This week we’ll continue talking about the vocabulary of multilingual marketing and what some of the terms you may hear mean. Knowing how these terms differ, and how they relate, will help you make the most informed decisions about translating your marketing materials.
In many instances, a good translation can be used across different geographic areas. For example, a good Spanish translation may be used in Argentina, Venezuela and Spain. The language is spoken in all these countries and will be understood by Spanish speakers. Multilingual marketing for manufacturers and other technical companies usually use globalized translations for multiple markets that speak the same language.
When you are looking for a culturally targeted translation, that takes cultural references, traditions, local currency, and familiar sports figures and actors into account and truly localizes your content for a specific target audience, you are looking for localization. Localization goes one step beyond translation, and not only translates the words and meaning, but also adapts the entire message to the culture and makes the message culturally appropriate to convey the message’s intent, style, tone and context. Sometimes this will be the best option for your multilingual marketing. For example, in a recent blog the Localization Manager at Hubspot explained about a meeting he attended with German colleagues. “It was funny listening to them talk about — ‘so when you see all of this hyperbole and all of this enthusiasm in the American source text, just take it out. When you see them saying this is the “best in class,” “very greatest,” “most awesome social media tool,” just say in German: it’s good, and it will help you.’” Asking your professional translation provider to localize your marketing message can make sure you avoid these pitfalls.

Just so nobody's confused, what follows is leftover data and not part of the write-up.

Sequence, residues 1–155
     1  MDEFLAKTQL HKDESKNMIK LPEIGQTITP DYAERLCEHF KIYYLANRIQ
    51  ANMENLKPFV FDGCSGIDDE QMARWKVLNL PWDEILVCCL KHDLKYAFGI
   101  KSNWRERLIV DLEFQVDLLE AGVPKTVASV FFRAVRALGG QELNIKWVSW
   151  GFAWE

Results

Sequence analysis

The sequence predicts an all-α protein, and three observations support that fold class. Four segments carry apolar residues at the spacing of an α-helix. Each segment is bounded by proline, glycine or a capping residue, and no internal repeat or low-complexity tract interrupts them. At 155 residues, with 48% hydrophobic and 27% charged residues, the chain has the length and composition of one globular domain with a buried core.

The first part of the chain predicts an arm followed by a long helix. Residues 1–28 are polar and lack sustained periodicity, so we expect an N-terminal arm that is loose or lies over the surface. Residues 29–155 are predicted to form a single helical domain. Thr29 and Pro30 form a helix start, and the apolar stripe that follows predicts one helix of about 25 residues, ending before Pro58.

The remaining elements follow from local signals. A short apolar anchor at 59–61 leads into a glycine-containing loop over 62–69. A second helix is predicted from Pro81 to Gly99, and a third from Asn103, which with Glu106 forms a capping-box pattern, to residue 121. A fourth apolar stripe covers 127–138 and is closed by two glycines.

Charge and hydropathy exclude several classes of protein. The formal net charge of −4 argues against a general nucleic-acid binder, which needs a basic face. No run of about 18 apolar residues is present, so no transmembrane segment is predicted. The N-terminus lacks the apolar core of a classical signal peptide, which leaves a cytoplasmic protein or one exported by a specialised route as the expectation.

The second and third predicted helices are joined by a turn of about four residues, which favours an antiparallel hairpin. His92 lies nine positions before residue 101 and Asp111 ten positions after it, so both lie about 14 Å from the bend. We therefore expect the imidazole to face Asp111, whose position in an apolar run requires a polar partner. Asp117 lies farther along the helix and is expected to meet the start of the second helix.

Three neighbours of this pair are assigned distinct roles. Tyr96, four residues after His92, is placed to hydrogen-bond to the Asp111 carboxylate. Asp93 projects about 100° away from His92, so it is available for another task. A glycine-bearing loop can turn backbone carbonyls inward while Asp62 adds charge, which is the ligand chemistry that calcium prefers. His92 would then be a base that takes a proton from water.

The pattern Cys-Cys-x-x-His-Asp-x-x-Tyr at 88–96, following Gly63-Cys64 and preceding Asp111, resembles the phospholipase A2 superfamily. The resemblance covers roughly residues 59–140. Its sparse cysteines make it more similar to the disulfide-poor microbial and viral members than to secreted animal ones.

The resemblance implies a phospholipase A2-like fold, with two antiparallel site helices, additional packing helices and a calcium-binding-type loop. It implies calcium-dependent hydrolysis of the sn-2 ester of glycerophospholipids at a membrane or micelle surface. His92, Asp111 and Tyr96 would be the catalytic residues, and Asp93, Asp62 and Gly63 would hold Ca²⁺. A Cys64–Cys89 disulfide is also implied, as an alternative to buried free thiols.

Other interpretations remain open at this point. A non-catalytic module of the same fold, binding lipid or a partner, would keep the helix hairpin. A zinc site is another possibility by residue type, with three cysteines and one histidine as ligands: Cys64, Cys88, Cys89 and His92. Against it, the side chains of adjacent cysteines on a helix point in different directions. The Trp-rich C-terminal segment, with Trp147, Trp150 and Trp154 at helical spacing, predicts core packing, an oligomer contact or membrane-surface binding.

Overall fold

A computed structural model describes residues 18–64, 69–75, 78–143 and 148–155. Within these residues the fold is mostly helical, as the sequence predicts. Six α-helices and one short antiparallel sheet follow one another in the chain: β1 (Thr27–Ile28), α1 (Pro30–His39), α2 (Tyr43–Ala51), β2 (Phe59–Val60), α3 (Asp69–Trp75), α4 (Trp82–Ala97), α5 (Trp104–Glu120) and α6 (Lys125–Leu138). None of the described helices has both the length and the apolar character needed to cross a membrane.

Open Source is a term, and a practice, that is becoming more and more prevalent in today’s businesses. The main use of the term open source refers to technology and applications accessible to all. A recent open source trend we see is “crowdsourcing translations” where people open projects to the world-at-large for input on translation.
The benefits of crowdsourcing translation include input from different regions and languages, quick turn-around time, more accuracy than machine translation, and free of cost.
But, the downside of using crowdsourcing translation can be quite steep. Organizations need technological resources to distribute the content and an experienced manager to oversee the process. The bigger the number of people involved, the more cumbersome the process becomes. Plus, the translation is only as good as the translators who do the work. By not using professional translators who know your industry and the message you want to convey, you are risking your message and your bottom line. For any projects that can affect your bottom line, such as branding and advertising, we recommend a professional multilingual marketing company.
We hope that this helps clarify any confusion about the terms described. If you still have questions the experts here at Rapport International are always happy to provide you with free consultations to clarify things for you or guide you toward the best multilingual marketing products. Please contact us if you need more information or if you would like to receive a free quote for your project.
Join us next time when we talk about Multilingual Marketing Translation Technology.